By Don C. Brunell
Association of Washington Business
As the debate over gas taxes heats up in Washington state, all eyes in the nation are on Colorado, which is in the midst of its own tax fight.
In 1992, Colorado residents enacted the Taxpayers Bill of Rights, or TABOR. TABOR established a formula that limits the growth in state tax collections and requires the state to refund excess tax revenues to the taxpayers. It also required that all tax increases by state and local governments be approved by taxpayers. Beginning in 1997, revenues began to exceed the limit. Over the next five years, taxpayers received annual tax rebates totaling $3.2 billion.
But in 2000, special interests started tinkering with TABOR, and Colorado is now in trouble. For example, the education lobby succeeded in passing Amendment 23, a constitutional amendment that requires education spending to increase faster than TABOR's spending limit.
Over time, a larger and larger share of Colorado's budget was set aside for education, and K-12 funding now accounts for 40 percent of the state's general fund budget. When the 2001 nationwide recession hit Colorado, lawmakers were forced to make deep cuts in other programs to protect education spending.
Now, Republicans and Democrats in the state are proposing competing constitutional amendments to revise TABOR and Amendment 23 to ease the long-term state budget dilemma. Republicans want to amend or repeal Amendment 23 and make minor adjustments to TABOR, while Democrats want to keep Amendment 23 and make big changes in TABOR.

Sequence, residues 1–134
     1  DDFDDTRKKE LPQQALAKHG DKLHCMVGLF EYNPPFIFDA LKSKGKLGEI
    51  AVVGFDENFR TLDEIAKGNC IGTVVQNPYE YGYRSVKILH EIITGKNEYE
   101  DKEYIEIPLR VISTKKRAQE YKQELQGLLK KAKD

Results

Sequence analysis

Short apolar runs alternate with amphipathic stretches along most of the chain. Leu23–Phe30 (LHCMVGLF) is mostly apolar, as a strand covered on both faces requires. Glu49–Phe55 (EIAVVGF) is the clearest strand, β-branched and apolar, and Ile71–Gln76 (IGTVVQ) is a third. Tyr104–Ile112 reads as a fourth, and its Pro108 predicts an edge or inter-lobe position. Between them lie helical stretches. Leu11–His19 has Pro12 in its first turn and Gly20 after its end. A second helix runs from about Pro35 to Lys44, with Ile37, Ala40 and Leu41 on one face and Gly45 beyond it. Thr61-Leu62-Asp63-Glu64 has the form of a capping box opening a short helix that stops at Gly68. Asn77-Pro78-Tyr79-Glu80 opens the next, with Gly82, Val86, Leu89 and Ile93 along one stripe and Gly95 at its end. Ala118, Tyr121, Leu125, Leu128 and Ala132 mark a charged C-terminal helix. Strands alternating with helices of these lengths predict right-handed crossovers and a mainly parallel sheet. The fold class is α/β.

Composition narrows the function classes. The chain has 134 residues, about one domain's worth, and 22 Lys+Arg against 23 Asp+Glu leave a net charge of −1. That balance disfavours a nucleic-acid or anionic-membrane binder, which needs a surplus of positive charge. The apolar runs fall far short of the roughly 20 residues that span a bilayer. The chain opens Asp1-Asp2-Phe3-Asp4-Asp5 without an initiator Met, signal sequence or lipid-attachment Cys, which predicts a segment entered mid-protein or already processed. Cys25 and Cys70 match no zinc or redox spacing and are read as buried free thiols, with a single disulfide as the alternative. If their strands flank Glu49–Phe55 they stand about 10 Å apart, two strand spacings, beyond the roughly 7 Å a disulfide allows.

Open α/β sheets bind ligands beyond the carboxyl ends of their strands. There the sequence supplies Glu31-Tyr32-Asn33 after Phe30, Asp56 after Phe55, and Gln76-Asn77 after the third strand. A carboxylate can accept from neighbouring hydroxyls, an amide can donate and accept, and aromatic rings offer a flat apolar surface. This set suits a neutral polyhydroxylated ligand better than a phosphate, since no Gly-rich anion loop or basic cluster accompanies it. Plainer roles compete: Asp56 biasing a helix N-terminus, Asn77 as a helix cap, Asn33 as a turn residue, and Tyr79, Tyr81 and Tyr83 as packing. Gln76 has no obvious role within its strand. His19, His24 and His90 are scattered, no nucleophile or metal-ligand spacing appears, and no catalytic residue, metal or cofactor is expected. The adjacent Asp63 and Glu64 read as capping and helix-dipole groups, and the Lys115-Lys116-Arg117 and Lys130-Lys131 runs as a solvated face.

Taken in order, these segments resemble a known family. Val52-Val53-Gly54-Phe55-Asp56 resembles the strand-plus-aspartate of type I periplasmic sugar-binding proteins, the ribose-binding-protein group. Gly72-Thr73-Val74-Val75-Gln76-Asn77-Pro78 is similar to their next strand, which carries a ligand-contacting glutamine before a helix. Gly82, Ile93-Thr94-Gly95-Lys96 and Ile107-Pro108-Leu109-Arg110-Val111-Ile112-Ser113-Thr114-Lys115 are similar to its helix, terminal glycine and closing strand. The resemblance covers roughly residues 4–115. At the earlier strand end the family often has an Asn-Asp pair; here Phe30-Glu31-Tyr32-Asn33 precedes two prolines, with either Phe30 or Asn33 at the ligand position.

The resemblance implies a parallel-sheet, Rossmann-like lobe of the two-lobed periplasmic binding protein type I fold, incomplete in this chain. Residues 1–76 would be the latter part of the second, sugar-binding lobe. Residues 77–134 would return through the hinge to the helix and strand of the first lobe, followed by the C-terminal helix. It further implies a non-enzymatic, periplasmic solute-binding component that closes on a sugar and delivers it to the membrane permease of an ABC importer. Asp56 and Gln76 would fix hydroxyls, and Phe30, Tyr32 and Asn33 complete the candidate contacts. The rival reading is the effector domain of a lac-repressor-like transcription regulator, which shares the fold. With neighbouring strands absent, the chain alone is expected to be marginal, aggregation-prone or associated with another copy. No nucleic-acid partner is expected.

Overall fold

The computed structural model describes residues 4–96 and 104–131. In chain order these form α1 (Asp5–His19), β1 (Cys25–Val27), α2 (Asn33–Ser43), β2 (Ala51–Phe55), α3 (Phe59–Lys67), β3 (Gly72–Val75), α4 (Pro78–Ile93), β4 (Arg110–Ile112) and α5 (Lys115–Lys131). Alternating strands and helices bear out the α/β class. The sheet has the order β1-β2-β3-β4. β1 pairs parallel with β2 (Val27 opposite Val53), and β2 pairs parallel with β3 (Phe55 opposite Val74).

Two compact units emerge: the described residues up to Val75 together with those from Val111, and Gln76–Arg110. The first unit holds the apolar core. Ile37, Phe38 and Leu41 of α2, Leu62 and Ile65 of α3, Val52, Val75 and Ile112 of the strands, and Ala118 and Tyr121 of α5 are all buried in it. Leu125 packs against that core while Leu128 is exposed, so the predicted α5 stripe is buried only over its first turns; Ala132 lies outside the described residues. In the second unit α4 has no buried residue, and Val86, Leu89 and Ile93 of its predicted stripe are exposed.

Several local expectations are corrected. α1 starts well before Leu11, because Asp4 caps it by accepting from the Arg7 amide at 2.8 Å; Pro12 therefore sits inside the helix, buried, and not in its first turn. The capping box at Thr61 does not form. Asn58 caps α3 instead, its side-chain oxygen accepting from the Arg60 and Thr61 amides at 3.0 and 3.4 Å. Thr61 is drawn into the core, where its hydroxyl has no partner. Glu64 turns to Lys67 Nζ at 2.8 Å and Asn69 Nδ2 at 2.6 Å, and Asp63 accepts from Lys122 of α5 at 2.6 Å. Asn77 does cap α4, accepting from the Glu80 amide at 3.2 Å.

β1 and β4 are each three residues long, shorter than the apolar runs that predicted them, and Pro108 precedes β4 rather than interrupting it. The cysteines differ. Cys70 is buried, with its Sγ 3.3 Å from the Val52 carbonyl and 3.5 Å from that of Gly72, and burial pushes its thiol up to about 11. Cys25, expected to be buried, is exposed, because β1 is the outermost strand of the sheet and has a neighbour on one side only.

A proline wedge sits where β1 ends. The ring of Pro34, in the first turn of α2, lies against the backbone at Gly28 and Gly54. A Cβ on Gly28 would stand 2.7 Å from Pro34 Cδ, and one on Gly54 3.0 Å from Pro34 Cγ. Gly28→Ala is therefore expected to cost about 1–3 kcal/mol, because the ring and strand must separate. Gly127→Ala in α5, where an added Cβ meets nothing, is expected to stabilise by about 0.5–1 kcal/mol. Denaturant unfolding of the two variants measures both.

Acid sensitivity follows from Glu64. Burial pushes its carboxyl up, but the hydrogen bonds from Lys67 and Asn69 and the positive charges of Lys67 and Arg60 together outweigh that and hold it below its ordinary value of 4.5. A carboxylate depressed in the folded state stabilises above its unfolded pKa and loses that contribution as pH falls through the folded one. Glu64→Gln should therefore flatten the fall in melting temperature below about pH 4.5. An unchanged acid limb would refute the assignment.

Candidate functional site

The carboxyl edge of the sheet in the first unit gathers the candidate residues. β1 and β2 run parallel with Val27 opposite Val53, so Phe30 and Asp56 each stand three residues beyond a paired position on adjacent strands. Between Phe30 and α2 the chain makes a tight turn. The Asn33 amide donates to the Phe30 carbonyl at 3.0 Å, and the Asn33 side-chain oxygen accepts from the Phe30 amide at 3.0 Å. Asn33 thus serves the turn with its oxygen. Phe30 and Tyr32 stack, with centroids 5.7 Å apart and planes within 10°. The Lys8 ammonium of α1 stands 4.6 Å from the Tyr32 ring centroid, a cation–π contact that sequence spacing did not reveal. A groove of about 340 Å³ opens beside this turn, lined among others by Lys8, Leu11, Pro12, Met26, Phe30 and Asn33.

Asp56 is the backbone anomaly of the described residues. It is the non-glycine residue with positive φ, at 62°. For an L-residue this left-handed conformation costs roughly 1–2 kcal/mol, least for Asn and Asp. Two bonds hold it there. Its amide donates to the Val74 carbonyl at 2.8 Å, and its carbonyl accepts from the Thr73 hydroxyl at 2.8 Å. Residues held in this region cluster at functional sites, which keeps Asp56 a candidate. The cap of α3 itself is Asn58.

Why should we care about what happens in Colorado? Because, despite the pressure on state budgets, voters everywhere are looking for ways to cut their taxes. California will vote on whether to limit state spending this fall, and other states, including Kansas, Ohio, Maine, Nevada, Oklahoma, and Arizona are considering similar measures.
Washington lawmakers should take note. After the Legislature approved a series of big tax increases in 1993, voters struck back by approving Initiative 601, which capped state spending and required a 60 percent majority to raise taxes. Over time, lawmakers have chipped away at 601, and this year they succeeded in virtually gutting the measure by eliminating the 60 percent requirement to raise taxes. Once that was done, legislators rushed to enact a series of new taxes and fees.
Lawmakers may have short memories, but voters do not. Washingtonians are already rankled by a series of votes in which lawmakers gutted 601 and abused the emergency clause to keep voters from overturning their decisions.
Gov. Gregoire and state legislators would be wise to craft a replacement to I-601 which has some teeth and controls spending and, therefore, tax rates. If not, our citizens may craft their own version, which would be much more punitive.
So while the nation's eyes may be on Colorado, Washington taxpayers are watching our state's lawmakers.